Physicochemical properties and in vitro digestibility of hydrothermal treated Chinese yam (Dioscorea opposita Thunb.) starch and flour.

Affiliation

Yu B(1), Li J(2), Tao H(1), Zhao H(1), Liu P(1), Cui B(3).
Author information:
(1)State Key Laboratory of Biobased Material and Green Papermaking, Qilu University of Technology, Shandong Academy of Sciences, Jinan, Shandong 250353, China; College of Food Science and Engineering, Qilu University of Technology, Shandong Academy of Sciences, Jinan, Shandong 250353, China.
(2)College of Food Science and Engineering, Qilu University of Technology, Shandong Academy of Sciences, Jinan, Shandong 250353, China.
(3)State Key Laboratory of Biobased Material and Green Papermaking, Qilu University of Technology, Shandong Academy of Sciences, Jinan, Shandong 250353, China; College of Food Science and Engineering, Qilu University of Technology, Shandong Academy of Sciences, Jinan, Shandong 250353, China. Electronic address: [Email]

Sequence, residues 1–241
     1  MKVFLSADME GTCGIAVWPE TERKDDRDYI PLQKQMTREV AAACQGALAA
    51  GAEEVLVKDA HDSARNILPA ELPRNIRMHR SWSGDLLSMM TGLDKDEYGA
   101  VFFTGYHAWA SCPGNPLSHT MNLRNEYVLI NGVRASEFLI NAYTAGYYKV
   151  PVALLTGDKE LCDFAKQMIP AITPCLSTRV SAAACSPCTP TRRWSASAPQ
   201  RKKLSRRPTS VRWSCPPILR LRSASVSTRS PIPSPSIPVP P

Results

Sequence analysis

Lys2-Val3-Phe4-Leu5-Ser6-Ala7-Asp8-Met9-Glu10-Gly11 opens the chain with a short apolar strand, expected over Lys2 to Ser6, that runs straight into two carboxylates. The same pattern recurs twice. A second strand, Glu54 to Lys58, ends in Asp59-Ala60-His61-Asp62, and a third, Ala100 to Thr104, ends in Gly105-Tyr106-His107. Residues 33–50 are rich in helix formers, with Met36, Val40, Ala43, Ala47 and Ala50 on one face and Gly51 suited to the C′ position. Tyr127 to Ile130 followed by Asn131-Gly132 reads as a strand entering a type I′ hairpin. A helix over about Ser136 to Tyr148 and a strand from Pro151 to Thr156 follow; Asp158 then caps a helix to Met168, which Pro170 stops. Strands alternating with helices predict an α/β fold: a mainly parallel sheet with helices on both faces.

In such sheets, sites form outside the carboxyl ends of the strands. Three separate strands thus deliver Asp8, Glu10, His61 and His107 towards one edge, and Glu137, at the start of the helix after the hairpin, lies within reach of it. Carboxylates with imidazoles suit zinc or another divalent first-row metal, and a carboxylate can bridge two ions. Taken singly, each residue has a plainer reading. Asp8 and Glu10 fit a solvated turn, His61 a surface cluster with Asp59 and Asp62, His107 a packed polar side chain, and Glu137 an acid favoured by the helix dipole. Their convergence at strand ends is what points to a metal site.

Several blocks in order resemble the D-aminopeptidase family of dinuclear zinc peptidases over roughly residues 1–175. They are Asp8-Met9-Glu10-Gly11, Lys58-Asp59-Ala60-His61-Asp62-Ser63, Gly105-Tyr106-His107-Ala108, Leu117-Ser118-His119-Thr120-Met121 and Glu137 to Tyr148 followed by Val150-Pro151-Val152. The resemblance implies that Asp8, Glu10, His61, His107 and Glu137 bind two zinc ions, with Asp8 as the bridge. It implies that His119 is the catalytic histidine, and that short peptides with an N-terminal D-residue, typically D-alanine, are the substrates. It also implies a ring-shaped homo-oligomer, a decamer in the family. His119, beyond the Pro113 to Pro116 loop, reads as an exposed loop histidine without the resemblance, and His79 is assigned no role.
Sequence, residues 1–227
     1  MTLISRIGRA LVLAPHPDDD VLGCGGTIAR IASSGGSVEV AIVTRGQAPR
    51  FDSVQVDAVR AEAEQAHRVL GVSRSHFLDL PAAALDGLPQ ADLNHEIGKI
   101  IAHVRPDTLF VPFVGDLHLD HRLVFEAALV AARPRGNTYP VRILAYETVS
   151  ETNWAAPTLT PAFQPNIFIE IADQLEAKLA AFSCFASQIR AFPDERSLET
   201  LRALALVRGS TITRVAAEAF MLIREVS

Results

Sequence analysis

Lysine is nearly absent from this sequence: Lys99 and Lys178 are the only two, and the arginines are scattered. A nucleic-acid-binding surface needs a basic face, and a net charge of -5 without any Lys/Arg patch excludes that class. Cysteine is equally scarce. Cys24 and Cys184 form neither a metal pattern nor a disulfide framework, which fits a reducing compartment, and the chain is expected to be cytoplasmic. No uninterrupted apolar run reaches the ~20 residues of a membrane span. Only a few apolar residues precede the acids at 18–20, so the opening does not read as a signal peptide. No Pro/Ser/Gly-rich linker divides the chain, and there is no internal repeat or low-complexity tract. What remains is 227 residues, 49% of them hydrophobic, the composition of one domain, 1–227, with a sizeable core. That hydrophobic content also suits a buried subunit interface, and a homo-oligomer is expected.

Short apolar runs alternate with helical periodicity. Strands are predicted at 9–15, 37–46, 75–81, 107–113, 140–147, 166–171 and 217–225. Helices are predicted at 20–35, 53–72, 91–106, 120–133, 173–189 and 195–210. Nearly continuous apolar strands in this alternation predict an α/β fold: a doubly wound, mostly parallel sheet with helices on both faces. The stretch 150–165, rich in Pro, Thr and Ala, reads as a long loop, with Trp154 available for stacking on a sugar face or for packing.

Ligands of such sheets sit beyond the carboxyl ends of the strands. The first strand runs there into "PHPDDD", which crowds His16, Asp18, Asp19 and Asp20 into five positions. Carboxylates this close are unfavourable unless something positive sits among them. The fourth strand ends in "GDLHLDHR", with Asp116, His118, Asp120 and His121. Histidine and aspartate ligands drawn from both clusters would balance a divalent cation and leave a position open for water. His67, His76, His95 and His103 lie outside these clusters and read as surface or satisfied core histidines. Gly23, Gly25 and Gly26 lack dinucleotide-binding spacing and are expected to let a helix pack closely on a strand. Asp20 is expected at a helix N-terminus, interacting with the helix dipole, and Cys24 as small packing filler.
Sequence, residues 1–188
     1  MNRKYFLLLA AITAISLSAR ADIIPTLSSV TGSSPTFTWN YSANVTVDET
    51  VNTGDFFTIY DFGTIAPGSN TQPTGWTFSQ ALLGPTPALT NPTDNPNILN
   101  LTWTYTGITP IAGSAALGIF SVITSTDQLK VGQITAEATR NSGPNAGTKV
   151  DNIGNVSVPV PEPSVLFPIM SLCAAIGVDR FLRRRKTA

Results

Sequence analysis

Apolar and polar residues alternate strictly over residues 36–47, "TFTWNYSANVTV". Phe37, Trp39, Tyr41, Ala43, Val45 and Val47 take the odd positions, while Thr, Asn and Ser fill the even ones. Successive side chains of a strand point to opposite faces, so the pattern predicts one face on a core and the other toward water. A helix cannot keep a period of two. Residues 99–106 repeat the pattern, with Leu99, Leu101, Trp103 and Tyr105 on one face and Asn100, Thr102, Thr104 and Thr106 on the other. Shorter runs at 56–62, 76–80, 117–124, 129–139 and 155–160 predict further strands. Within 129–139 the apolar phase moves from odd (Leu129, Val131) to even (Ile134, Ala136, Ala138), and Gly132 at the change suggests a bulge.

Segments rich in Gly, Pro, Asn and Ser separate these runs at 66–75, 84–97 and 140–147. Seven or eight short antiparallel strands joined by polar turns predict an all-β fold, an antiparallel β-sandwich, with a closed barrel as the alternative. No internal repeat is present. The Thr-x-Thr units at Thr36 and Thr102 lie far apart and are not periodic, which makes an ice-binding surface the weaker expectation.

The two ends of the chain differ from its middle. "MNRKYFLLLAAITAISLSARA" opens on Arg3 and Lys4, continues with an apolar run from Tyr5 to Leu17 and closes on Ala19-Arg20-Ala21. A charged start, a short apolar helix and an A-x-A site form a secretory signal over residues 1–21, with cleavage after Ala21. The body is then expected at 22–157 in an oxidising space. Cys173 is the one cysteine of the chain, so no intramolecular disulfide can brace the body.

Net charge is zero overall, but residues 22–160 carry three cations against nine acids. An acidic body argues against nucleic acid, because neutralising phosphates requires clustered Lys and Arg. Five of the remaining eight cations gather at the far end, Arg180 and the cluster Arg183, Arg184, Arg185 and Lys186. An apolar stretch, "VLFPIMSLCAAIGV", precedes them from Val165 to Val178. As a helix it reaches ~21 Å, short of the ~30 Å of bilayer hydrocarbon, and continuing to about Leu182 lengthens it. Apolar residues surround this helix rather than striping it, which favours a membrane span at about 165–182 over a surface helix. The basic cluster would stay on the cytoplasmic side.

Abstract

The objective of this study was to investigate the effects of hydrothermal treatments (heat-moisture treatment (HMT) and annealing (ANN)) on the physicochemical properties and in vitro digestibility of yam starch and yam flour. Hydrothermal treatments decreased the pasting properties of yam starch and yam flour. Compared with yam starch, HMT significantly (p < 0.05) reduced the pasting viscosities of yam flour. Both HMT and ANN caused an increase of the gelatinization temperatures (To, Tp, and Tc) and a decrease of enthalpy (△H). The increasement in ratio of 1047/1022 cm-1 and 995/1022 cm-1 suggested that HMT and ANN resulted in an increase in short-range order. The crystalline pattern of all samples was still A-type, and HMT yam starch exhibited higher crystallinity (26.20%). The most significant inhibition of in vitro digestibility was found in HMT yam flour, with slowly digestible starch and resistant starch contents increasing by 3.73% and 4.40%, respectively. Hydrothermal treatments made the no-starch ingredients in yam flour agglomerate and adhere to starch granules. Confocal laser scanning microscopy showed that the starch being coated or embedded by protein was a possible reason for the differences in physicochemical properties and in vitro digestibility between yam starch and yam flour.